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Find Greatest common Factor and Least common Multiple

Find the Prime Factorization of a Number 

Prime number: Prime numbers are the numbers that have only two factors, that are, one and the number itself. 

Composite number: A number that has more than two factors. 

Prime numbers:  

2, 3, 5, 7, 11, 13 ,17, 19, 

23, 29, 31, 37, 41, 43, 47, 

53, 59, 61, 67, 

71, 73, 79, 83, 89, 

97 

1-100, the total prime numbers are 25. 

Composite numbers: 4, 6, 8, 9, 10, 12, 14, 15, 16, 18, 20, 21, 22, 24, 25, 26, 27, 28, 30, 31, 32, 33, 34, 35, 36, 38, 39, 40, 42, 44, 45, 46, 48, 49, 50, 51, 52, 54, 55, 56, 57, 58, 60, 62, 63, 64, 65, 66, 68, 69, 70, 72, 74, 75, 76, 77, 78, 79, 80, 81, 82, 84, 85, 86, 87, 88, 90, 91, 92, 93, 94, 95, 96, 98, 99, 100 

1-100, the composite numbers are 75. 

Prime factorization 

Whole numbers greater than 1 are either prime or composite numbers. 

A composite number can be written as a product of its prime factors, called its prime factorization. 

Example 1: 

How can you find the prime factorization of 48? 

ONE WAY 

To find the prime factorization of 48, write its factors as a product.  

  48 = 2 × 24 

= 2 × 2 × 12 

= 2 × 2 × 2 × 6  

= 2 × 2 × 2 × 2 × 3 

∴ The prime factorization of 48 is 2 × 2 × 2 × 2 × 3 or 2⁴ × 3. 

ANOTHER WAY 

A factor tree shows the prime factorization of a composite number. 

∴ The prime factorization of 48 is 2 x 2 x 2 x 2 x 3 or 2⁴ x 3 

Try It! 

Find the prime factorization of 56.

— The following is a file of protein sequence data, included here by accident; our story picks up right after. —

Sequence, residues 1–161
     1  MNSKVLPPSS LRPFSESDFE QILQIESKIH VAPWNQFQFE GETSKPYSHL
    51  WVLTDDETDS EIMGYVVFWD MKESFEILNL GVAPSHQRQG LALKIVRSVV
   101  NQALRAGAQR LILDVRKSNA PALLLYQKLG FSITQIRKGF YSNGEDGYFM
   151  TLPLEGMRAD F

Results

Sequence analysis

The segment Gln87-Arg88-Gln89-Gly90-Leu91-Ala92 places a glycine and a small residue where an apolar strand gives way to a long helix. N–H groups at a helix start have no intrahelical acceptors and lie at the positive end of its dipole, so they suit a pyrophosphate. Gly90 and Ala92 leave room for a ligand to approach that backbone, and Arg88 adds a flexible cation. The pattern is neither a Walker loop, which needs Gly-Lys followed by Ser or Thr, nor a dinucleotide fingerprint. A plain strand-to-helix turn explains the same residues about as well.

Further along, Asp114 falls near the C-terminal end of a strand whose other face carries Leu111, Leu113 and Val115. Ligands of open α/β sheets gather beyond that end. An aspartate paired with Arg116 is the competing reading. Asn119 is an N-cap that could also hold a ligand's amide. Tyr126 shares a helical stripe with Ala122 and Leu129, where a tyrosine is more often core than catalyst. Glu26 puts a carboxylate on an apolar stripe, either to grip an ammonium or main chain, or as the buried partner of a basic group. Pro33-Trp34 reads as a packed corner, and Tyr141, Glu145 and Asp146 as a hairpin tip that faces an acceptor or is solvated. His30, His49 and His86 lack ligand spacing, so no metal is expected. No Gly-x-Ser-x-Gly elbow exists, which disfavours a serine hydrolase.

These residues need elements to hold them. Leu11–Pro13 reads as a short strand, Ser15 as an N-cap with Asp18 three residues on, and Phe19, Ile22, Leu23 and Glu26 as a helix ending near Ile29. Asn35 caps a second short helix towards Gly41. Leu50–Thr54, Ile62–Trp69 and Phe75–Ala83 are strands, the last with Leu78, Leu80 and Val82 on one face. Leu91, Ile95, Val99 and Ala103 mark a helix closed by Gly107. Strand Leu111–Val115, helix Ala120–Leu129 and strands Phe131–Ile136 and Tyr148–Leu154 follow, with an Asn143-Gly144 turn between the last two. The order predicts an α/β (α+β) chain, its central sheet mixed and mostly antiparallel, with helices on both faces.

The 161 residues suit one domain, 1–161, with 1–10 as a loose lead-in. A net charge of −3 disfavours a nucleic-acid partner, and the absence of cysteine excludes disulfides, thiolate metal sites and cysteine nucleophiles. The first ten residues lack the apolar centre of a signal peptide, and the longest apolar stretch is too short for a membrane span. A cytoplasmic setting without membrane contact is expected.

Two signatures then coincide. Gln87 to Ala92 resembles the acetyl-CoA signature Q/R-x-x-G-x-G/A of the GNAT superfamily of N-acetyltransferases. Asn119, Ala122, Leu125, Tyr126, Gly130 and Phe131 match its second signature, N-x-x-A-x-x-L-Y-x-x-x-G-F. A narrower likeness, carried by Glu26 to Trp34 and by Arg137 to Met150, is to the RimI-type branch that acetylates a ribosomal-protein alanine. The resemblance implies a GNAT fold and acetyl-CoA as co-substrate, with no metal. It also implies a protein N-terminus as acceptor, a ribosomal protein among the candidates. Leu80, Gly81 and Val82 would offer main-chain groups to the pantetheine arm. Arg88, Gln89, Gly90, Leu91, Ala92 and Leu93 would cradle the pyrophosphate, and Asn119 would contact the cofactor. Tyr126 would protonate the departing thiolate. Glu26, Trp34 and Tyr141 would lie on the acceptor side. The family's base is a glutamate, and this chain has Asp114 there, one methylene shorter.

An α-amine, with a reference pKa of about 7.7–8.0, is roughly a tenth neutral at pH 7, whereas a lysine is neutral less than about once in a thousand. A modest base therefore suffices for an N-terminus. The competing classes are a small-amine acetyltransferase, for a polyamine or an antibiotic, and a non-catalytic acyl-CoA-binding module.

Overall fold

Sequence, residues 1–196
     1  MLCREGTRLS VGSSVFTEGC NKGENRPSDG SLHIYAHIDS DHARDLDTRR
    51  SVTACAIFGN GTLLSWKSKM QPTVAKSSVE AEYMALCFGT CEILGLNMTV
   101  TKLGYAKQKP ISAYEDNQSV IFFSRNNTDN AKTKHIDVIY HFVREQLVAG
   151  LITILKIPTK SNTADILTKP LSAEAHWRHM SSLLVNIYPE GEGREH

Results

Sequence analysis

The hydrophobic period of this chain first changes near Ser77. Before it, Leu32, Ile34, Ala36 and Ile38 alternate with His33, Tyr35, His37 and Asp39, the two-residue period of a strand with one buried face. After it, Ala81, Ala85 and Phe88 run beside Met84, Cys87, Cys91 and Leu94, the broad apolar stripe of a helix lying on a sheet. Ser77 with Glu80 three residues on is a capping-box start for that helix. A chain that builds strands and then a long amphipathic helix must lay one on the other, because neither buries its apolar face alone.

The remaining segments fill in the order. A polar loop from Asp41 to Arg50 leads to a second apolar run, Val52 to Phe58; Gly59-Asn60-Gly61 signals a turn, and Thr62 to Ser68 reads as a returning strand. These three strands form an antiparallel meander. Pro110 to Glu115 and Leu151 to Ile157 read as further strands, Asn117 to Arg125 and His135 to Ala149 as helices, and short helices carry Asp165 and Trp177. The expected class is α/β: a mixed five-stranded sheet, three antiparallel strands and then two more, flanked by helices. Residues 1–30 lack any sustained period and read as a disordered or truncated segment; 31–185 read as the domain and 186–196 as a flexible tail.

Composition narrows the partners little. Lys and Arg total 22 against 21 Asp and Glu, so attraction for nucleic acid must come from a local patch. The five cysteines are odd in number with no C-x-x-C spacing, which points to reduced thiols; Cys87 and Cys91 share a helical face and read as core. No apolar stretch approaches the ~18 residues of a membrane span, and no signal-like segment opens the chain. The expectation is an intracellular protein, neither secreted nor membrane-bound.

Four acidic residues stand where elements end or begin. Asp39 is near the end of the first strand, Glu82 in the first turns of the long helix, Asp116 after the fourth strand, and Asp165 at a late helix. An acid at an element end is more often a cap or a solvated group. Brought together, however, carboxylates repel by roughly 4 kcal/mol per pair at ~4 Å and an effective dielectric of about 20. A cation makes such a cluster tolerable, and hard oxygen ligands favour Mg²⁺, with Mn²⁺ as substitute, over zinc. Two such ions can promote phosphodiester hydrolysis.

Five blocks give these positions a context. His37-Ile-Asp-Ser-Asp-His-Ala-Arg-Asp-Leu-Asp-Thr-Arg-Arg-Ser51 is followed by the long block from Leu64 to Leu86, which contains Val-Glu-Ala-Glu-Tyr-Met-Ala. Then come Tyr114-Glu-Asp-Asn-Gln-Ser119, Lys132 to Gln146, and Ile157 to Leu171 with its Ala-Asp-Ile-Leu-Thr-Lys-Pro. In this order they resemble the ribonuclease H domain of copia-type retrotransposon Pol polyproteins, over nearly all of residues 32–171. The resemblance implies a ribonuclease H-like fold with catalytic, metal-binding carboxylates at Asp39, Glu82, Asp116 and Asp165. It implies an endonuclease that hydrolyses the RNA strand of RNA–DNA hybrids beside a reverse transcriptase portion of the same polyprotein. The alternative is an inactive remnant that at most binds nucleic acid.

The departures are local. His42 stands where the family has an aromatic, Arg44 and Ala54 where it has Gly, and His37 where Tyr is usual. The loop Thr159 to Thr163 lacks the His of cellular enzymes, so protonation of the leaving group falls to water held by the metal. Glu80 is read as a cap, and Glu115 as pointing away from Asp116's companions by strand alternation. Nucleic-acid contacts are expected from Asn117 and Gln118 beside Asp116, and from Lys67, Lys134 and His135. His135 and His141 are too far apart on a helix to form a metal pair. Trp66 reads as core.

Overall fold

Solution: 

Start with the least prime factor. 

The prime factorization of 56 is 2 × 2 × 2 × 7 = 23 × 7 

Convince Me! 

A number is greater than 2, and it has 2 as a factor. Is the number a prime or a composite? Explain. 

Solution:  

4 = 2 × 2 = 2²

6 = 2 × 3    

8 = 2 × 2 × 2 = 2³

Product of prime numbers is always a composite number 

Example 2: 

Keesha is putting together bags of supplies. She puts an equal number of craft sticks and an equal number of glue bottles in each bag. There are no supplies left over. What is the greatest number of bags of supplies that Keesha can make? 

Solution: 

Identify the greatest common factor (G.C.F) of 12 and 42. The G.C.F is the greatest number that is a factor of two or more numbers.  

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12 =   2    ×  2  ×   3  

12 =   2    ×  2  ×   3  

42 =    2    × 3   ×    7  .   

Multiply the common factors.  

2 × 3 = 6  

∴ The greatest common factor (G.C.F) of 12 and 42 is 6.  

∴ Keesha can make 6 bags of supplies. 

Try It!  

Keesha has 24 beads to add equally to each bag. Can she still make 6 bags and have no supplies left over? 

Solution: 

Number of craft sticks = 42 

Number of glue bottles = 12 

Number of beads = 24 

12 =   2    ×    2    ×  3 

24 =   2    ×    2    ×  2  ×  3    

42 =   2    ×    3    ×  7  

∴ G.C.F of 12, 24 and 42 is 2 × 3 = 6 

Yes, Keesha makes 6 bags and have no supplies left over. 

Example 3: 

Use the G.C.F and the distributive property to find the sum of 18 and 24. 

STEP 1 

 Find the G.C.F of 18 and 24. 

18 =   2    ×  3  ×    3                             

 24 =   2    ×  2   ×  2  ×    3    

The greatest number that is a factor of both 18 and 24 is 2 x 3. 

The G.C.F of 18 and 24 is 6. 

STEP 2 

Write each number as a product using the G.C.F as a factor. 

18 + 24 = 6 × 3 + 6 × 4  

=6(3 + 4) Apply the Distributive Property  

= 6(7)  

= 42  

The sum of 18 and 24 is 42. 

Try It!  

Use the G.C.F and the distributive property to find the sum of 12 and 36. 

Solution: 

Let’s find the G.C.F of 12 and 36